Over the years, Athens has become a radiant hub for the LGBTQ+ population and allies alike. From engaging “Queer Trivia” nights at Athentic Brewing Company to fantastic drag performances by the Athens Showgirl Cabaret, a sense of pride can always be seen coursing through the population.
This year, Athens Pride & Queer Collective will be hosting the city’s 12th annual PRIDE week and festival, but with a very exciting new edition. The organization will be throwing the first Athens Pride Parade downtown on June 12th beginning on Hancock Avenue and ending with a BBQ in Lay Park, where Athens Pride & Queer Collective got its start. With all these events buzzing about the city, Athenians are ecstatic to be a part of local LGBTQ+ history.
Athens’ artistic community has long been known as being forward-thinking and accepting. In 1976 the B52’s formed right here in Athens, GA, with four of its five members identifying as part of the LGBTQ+ community. The group went on to produce many hits, including "Roam," "Deadbeat Club," and "Love Shack,” which mentions Athens’ Atlanta highway. Just a few years after the formation of the B-52's came R.E.M., also of Athens, whose frontman Michael Stipe came out as queer in 1994.
Queer History at UGA
Athens did not gain the reputation of having such a vibrant culture overnight. To better understand this transition, you need to take a closer look back a few decades. A notable occurrence can be seen in the year 1971, when UGA students John Hoard and Bill Green worked together to found the Committee on Gay Education (GCE). This organization was formed by two young men with a mission to spread awareness and provide education about the university’s lesbian, gay, bisexual, and transgender student population. Later, on March 10th, 1972, the organization would host the first “gay dance” in an American Southeastern university. In future years, the disbandment of the GCE in 1983 would lead to the formation of the Athens Gay and Lesbian Association (AGLA) in the year 1990. This club would eventually evolve into the Lambda Alliance, which would be officially recognized as a UGA student organization in 1998. Today, this club continues to grow stronger and is now known as the UGA Pride Center.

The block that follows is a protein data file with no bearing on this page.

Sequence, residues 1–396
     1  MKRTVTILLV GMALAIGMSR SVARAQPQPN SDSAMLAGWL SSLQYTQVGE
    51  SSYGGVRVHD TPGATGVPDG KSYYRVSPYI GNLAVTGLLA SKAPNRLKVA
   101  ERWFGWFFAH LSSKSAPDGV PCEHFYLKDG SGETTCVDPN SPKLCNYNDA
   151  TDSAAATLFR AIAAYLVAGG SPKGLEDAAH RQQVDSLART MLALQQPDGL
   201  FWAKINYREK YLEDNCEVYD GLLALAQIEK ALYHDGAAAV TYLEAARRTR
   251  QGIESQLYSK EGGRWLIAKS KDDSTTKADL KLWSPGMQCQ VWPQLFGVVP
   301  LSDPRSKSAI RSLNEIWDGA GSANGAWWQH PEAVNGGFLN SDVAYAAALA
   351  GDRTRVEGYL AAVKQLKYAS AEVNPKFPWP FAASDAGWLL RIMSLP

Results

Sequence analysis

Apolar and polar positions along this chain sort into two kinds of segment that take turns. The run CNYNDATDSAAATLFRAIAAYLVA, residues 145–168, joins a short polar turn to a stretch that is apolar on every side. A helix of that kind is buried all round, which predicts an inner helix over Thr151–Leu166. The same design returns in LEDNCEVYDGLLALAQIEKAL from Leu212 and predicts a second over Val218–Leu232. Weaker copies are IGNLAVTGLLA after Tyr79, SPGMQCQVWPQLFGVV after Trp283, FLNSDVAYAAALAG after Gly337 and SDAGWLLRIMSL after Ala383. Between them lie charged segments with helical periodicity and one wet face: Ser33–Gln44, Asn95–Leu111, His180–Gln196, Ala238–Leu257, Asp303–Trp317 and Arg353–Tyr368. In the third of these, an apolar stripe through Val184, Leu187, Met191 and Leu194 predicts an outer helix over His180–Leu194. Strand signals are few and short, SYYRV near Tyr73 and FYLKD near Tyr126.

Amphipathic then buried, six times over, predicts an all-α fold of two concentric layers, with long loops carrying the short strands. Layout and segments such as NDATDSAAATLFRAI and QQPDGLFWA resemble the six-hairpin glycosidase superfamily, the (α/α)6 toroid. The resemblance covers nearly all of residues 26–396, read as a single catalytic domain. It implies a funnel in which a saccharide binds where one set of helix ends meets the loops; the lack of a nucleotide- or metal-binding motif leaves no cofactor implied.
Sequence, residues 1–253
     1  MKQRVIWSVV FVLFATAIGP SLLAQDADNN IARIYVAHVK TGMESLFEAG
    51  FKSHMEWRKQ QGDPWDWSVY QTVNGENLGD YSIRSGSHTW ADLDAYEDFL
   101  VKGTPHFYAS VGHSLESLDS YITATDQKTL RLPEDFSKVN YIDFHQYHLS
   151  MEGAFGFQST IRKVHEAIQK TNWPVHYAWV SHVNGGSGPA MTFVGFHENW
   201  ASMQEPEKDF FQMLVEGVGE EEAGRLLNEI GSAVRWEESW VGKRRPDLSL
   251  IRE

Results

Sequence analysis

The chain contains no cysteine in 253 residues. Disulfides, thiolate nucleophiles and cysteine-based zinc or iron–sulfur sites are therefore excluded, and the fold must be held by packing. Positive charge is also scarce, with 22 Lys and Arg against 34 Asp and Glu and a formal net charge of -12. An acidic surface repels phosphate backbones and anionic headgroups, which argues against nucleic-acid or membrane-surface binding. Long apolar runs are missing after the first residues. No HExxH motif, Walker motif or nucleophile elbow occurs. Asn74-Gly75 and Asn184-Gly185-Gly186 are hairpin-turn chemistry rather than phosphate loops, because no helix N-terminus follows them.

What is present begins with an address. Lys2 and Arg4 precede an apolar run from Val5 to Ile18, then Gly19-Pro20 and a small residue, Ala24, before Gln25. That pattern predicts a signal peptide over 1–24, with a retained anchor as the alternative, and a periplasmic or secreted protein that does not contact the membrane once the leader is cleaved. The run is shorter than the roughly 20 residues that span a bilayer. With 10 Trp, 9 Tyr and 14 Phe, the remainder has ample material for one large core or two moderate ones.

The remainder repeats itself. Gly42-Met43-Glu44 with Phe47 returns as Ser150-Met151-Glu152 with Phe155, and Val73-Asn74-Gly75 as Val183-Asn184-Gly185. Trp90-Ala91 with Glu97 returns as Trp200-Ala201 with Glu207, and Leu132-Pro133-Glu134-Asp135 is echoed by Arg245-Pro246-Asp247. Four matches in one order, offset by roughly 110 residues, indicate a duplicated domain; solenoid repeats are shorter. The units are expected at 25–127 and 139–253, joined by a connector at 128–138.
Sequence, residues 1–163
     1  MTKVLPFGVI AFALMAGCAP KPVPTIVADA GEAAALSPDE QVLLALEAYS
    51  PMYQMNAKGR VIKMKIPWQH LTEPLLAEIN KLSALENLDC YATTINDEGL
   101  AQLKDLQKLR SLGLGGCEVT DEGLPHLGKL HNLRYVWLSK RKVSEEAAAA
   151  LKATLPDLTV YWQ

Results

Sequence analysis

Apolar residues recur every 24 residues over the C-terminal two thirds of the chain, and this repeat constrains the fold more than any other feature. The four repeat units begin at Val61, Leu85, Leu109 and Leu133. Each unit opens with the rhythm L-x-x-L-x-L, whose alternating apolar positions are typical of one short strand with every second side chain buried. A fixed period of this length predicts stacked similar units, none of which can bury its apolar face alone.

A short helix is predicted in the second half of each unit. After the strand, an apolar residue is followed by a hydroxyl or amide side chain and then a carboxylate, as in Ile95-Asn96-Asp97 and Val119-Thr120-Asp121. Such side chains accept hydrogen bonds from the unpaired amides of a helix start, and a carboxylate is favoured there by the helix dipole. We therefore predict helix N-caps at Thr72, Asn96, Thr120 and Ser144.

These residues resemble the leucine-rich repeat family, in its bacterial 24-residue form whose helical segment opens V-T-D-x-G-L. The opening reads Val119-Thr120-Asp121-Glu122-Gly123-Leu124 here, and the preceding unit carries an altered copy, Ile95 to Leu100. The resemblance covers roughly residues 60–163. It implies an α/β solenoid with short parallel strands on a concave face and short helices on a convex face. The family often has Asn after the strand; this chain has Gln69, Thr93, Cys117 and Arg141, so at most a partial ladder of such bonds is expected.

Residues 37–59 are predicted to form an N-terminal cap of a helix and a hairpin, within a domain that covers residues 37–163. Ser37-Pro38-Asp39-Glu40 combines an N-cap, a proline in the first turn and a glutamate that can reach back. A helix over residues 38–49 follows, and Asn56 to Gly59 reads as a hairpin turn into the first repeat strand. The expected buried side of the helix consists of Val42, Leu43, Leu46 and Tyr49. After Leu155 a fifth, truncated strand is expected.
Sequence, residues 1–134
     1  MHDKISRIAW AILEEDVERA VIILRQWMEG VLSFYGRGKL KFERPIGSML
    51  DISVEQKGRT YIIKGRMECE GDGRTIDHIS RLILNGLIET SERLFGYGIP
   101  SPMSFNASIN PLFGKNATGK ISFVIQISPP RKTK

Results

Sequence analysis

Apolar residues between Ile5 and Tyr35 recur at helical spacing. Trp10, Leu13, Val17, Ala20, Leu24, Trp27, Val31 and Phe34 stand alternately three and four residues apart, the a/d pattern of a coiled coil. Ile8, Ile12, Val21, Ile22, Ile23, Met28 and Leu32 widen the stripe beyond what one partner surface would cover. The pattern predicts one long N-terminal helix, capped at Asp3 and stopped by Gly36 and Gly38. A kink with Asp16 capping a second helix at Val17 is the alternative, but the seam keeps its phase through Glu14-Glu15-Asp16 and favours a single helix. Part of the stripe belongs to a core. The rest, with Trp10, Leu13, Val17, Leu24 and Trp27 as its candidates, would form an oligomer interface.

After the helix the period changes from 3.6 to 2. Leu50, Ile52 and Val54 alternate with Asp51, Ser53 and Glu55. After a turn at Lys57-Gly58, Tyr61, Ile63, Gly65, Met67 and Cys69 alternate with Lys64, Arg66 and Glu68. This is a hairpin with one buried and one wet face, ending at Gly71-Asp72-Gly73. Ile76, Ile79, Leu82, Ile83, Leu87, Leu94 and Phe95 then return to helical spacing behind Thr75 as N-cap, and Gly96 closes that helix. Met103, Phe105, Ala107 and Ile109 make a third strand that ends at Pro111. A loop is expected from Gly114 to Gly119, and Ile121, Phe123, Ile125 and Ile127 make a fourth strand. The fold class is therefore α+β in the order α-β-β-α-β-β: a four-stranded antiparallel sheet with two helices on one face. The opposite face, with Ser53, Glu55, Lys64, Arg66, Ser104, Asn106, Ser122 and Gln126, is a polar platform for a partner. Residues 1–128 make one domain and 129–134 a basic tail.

Community Groups and progress
Adults in the community as well as staff members at the University of Georgia were also making strides in local LGBTQ+ history. In the year 1994, the Gay Lesbian or Bisexual Employees Supporters Group (GLOBES) was founded by Annette Hatton, a managing editor of The Georgia Review at the time. The GLOBES organization worked towards both equality and social justice for LGBTQ+ rights for employees at the University of Georgia and the general Athens population. In 1998, GLOBES would host a potluck picnic at Lay Park which would later become an annual affair and would evolve into the formation of Athens PRIDE, now Athens Pride & Queer Collective. Additionally, GLOBES would work alongside Adrien Childs, the associate director for research and graduate studies at UGA’s Hugh Hodgson School of music to change the university’s non-discrimination policy so that it also included members of the LGBTQ+ community in 2002.
There are even more significant groups in the Athens LGBTQ+ community that should be recognized for their astounding work. The Boybutante AIDS Foundation, formed in 1989, aims to advocate for those who have been affected by the HIV/AIDS virus. For the past three decades, the foundation has helped fundraise for agencies that support HIV/AIDS education through outreach within Northeast Georgia. The nonprofit organization just hosted its 31st Boybutante Ball in April 2022, a drag show where a total of $45,000 was raised for Live Forward, an Athens social services organization. In addition, the Athens Showgirl Cabaret, known for their fantastic shows at both Hendershot’s and at Sound Track Bar came to be in 2010 when show directors Kellie and Alice Divine worked alongside local members of the Athens community to create the premier drag company. Currently, the Athens Showgirl Cabaret partners with a variety of local charities as well as the Boybutante AIDS Foundation to bring both amazing performances and support to the LGBTQ+ community.
However, the story of Athens's LGBTQ+ history does not end there. To this day, Athens continues to forge paths in its local advocacy for its members while honoring those who have contributed to gay pride in the past. The city is constantly working towards providing safe spaces, support, and social justice within the community that benefit the regional population and beyond. Athens, Georgia is excited to show off its LGBTQ+ representation and welcomes you to its celebration of pride month 2022.
Athens is a welcoming place to the LGBTQ+ community at any time of year. Check out more suggestions of things to do and LGBTQ+ friendly spots, below: